China approves imports of GM seed varieties

By Justin Walker

Five genetically-modified (GM) seed varieties were approved by Chinese officials on Tuesday to be imported to the country, a potentially positive move in the trade situation between the United States and China.

The approvals are the first in roughly 18 months by China, who is the top importer of GM soybeans and canola. The move could help lift the county’s overseas grains purchases, which the U.S. has lobbied for.

The announcement was made on the agriculture ministry’s website while delegates from the United States were meeting with their Chinese counterparts in Beijing to discuss trade.

“It’s a goodwill gesture toward the resolution of the trade issue,” a China representative of a U.S. agricultural industry association said. “It’s been in the system for a long time, but they chose today to release this good news.”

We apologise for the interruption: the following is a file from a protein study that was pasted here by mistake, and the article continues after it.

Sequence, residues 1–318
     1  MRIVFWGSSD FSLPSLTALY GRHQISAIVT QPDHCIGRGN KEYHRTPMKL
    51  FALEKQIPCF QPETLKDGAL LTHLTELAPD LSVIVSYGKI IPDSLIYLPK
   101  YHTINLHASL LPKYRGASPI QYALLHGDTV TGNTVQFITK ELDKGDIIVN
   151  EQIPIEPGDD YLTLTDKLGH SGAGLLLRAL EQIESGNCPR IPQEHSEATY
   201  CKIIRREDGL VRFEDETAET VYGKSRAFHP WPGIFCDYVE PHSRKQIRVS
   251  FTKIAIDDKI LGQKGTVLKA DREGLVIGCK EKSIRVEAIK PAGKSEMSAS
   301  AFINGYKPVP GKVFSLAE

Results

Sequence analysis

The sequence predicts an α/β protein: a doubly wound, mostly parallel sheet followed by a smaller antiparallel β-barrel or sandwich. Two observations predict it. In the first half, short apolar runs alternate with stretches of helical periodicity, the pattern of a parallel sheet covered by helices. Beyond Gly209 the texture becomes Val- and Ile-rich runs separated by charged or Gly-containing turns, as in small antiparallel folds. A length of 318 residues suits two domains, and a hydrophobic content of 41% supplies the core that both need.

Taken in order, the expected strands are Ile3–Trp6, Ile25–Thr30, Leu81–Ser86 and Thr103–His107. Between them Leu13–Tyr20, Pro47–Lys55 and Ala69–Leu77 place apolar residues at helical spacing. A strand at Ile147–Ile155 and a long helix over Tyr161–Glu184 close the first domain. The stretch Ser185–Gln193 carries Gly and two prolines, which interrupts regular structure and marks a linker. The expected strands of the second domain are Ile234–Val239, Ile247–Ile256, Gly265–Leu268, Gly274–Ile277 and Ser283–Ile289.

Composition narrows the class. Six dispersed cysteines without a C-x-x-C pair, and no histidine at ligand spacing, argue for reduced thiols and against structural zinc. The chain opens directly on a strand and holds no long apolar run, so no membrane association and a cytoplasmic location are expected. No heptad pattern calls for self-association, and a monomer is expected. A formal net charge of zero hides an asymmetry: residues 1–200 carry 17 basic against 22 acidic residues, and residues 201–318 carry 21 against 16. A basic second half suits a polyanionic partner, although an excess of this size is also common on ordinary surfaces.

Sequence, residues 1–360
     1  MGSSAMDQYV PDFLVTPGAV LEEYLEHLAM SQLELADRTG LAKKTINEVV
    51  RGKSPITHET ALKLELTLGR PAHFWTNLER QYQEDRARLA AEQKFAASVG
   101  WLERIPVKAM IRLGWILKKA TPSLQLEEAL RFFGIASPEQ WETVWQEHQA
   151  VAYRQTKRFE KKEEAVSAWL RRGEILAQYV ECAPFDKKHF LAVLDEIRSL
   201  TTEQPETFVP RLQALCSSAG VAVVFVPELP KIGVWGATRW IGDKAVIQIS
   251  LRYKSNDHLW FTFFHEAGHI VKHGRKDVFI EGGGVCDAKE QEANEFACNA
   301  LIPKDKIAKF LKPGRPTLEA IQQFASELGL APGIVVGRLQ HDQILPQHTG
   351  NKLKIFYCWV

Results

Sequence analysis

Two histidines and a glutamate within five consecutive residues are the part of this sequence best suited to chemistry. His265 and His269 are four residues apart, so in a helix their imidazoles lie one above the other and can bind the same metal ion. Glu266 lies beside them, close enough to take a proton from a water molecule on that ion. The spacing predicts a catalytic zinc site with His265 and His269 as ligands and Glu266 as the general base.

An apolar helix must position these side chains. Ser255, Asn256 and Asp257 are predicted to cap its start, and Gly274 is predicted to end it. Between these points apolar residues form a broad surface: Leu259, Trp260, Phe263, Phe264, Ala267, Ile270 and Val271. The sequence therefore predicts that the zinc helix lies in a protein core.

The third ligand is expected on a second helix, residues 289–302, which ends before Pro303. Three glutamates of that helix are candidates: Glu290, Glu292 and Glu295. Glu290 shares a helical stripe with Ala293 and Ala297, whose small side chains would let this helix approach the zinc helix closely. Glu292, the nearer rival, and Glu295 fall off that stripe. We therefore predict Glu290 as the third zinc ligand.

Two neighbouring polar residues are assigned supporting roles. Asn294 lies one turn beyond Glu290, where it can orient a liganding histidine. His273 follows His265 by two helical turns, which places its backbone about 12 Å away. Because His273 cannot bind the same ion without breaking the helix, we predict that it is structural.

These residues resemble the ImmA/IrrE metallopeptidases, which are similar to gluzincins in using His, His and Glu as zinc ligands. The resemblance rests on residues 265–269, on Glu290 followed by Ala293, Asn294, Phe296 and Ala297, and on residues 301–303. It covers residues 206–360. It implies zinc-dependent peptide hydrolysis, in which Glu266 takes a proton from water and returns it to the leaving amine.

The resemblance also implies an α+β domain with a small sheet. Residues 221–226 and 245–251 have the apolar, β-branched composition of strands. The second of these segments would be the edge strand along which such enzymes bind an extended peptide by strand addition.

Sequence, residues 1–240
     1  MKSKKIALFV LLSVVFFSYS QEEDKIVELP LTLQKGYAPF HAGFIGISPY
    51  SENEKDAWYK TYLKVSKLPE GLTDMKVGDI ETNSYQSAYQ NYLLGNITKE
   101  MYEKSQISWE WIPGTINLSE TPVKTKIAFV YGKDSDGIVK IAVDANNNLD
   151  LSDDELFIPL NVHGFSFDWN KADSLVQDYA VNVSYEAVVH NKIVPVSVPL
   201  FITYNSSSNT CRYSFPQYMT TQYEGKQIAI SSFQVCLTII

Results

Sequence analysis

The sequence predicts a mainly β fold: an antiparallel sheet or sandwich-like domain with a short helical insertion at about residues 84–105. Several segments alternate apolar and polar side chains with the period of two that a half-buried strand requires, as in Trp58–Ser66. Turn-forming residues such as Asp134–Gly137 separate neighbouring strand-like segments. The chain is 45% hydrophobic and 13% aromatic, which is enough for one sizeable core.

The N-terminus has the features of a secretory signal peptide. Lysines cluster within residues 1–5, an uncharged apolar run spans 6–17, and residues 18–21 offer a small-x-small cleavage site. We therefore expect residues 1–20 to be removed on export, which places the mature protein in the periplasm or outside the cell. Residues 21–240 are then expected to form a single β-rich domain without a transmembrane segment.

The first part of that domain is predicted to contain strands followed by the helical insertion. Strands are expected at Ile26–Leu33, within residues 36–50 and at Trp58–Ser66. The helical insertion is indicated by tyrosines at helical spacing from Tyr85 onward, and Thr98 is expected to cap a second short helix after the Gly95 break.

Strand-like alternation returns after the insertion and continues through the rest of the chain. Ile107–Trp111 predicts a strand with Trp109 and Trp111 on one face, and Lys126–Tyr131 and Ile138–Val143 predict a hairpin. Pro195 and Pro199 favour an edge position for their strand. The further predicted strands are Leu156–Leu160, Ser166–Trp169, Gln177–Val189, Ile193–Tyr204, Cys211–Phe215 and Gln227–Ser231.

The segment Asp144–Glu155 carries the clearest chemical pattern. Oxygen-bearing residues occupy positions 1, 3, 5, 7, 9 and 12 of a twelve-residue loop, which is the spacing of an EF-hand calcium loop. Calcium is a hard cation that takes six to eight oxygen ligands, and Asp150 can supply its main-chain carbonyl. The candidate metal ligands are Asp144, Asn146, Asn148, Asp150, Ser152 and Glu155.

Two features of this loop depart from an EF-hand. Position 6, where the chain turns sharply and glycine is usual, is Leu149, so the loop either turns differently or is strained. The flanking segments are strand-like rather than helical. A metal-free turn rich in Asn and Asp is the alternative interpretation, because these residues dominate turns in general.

The move is a longtime coming for U.S. farmers and global seed companies who have campaigned for China to import more farm goods for several years.

Two of the items approved in the announcement have sought this authorization for six years—BASF’s RF3 canola and Monsanto’s MON 88302 canola.

Other agricultural goods approved include DowDuPont Inc’s DP4114 corn and DAS-44406-6 soybean. BASF’s SYHT0H2 soybean, originally developed by Bayer CropScience and Syngenta, was also approved.

But five other strands were declined by China. Those included two alfalfa strands developed by Monsanto and two soybean strands from DowDuPont.

This is the first approval of GM seed varieties by China since July 2017.

“China’s approval of the new GMO products is paving the way for China to import large volumes of U.S. soybeans in the future. It is a positive signal,” Li Qiang, chief analyst with Shanghai JC Intelligence Co Ltd., said.

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